Scenes from the librarian’s wildlife garden

Scenes from the librarian’s wildlife garden

There is a handful of people who were influential back when I was still in school and trying to configure my passion for habitat gardening into a career. One of them was the lovely head research librarian at the community college I then attended; her resourcefulness coupled with a deep love of nature quickly endeared her to me in those early years of the millenium. Joyce Miller convinced me that any information I desired was more accessible than I’d previously realized, and demystified the searching process. “You don’t have to know everything, as long as you know where to look for everything,” seemed her mantra, and it’s one that’s served me well. Imagine my delight when I received a call from her to redesign her wildlife garden this past week!

20131010-104253.jpg Joyce’s property sits adjacent to a satellite of the Albany Pine Bush, a high value ecosystem known as the “Connected Pine Grove,” which offers the unique habitat needed to support the endangered Karner Blue Butterfly. In homage to the location, and the Karner Blue species, we planted some native Blue Lupine, which is that butterfly’s larval host plant. A friendly neighbor stopped by during installation and informed us that a secret field located generally across the street is filled with wild Blue Lupine, which seems to strongly affirm our choice to plant it here.

At the outset Joyce’s upstate New York garden was filled with many generations of healthy Joe Pye Weed, overgrown, angry Rugosa Rose and then a mix of plants that had more sentimental value than they did habitat value. It was easy to convince an open minded nature lover like this librarian to let me rip out the dozens of space wasting hosta and overgrown non-native Rugosa Rose. When I generated a list of species I’d like to add in the new wildlife garden design, this librarian immediately looked each and every one up on a search engine. (It’s a rare delight to work with someone that interested and motivated!)

Joyce Miller is possibly the most avid birder I’ve ever met (neck in neck with our own Carole Sevilla Brown). She is often traveling to exotic locations specifically to commune with the feathered residents. Joyce’s biggest desire for her wildlife garden redesign was to attract more birds, and offer them naturally existing food. We talked about the best kept secret in bird gardening, that if we want to see more birds we need to attract more insects and thus create automatic stock bird food. There are birds who primarily eat seeds and berries, birds that eat other birds, birds that prefer insects over all other foods, and hummingbirds, who supplement their diet with nectar, but 100% of bird species feed their young insects. So when we plan our wildlife gardens with native plant species that foster insect habitat, it’s a double win for the birds: the many adult birds who love to eat insects will show up, and have food to eat, and the carrying capacity of all the neighborhood bird species is expanded exponentially. It’s so easy to be kind to hungry birds with this simple method of choosing native plant species.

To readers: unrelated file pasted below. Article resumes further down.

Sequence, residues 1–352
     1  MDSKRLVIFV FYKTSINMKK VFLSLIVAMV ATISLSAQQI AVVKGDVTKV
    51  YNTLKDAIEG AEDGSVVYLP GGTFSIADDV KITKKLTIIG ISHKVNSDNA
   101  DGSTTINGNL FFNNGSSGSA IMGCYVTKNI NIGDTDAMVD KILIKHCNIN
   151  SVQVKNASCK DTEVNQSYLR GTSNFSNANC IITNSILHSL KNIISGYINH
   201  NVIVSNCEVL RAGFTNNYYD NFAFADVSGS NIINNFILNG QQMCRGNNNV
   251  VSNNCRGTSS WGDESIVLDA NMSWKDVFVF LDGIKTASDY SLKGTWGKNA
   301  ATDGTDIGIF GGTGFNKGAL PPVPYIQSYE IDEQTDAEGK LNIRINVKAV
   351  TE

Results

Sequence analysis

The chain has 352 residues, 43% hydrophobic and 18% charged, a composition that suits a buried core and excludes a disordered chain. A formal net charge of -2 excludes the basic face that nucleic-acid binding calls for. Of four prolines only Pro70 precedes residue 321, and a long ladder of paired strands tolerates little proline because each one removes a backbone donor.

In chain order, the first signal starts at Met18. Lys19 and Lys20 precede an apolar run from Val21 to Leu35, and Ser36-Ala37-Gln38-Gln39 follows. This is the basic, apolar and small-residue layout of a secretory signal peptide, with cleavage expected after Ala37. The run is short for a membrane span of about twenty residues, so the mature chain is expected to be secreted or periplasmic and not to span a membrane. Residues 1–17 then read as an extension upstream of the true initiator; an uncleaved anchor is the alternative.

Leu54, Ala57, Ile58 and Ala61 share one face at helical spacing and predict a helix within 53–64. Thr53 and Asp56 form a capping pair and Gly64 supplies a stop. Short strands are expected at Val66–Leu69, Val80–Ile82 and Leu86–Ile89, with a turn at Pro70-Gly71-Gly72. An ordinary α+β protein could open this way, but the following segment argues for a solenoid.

Our plant choices besides the aforementioned native Blue Lupine included NY Ironweed (Vernonia noveboracensis), Scullcap- shown in the above photo (Scutellaria incana), Monarda punctata, white Beebalm (Monarda fitulousa), Salt Bush (Baccharis halimifolia), Ageratum (Eupatorium coelestinum), Fothergilla (Fothergilla sp.), native pink Coreopsis (Coreopsis rosea) and Soapwort (Saponaria officinalis). As we planted this mix of native perennials into the wildlife garden, lots of bumblebees found their way to the blooms of the Ironweed, Ageratum, Scullcap and Soapwort.

20131010-115853.jpg This librarian’s wildlife garden was redesigned at a stellar time of year: autumn in upstate New York consists of more frequent rainfall and lower average temperatures than in the peak of summer. Trees, shrubs and herbacious plants delight in these conditions and acclimate with ease to their new surroundings. In the spring and summer of 2014, when the native plants are established and happy, scenes from the librarian’s wildlife garden will be quite a spectacle, and the sweet librarian will have a ton of fun watching birds from inside the house all year long.

© 2013, Jesse Elwert. All rights reserved. This article is the property of We have received many requests to reprint our work. Our policy is that you are free to use a short excerpt which must give proper credit to the author, and must include a link back to the original post on our site. Please use the contact form above if you have any questions.

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  1. says

    “So when we plan our wildlife gardens with native plant species that foster insect habitat, it’s a double win for the birds” I’m glad you pointed this out, and took advantage of the autumn months to get your perennials their best start. Looking good!

  2. says

    Thanks Kathy! When I first learned about insects being so intrical to bird’s carrying capacity, I was shocked that it wasn’t a more widely recognized concept. It’s just so sensible! And thanks for all the positivity.

  3. LR says

    Is there any way you could post a picture of this garden again in the spring? I’d love to see how it is progressing!


  1. […] is new to my Mother, and I planted a habitat garden full of native plants for her. There was the wildlife garden project for my librarian friend and a huge hummingbird habitat garden system installed in a hasty scramble during Thanksgiving week […]

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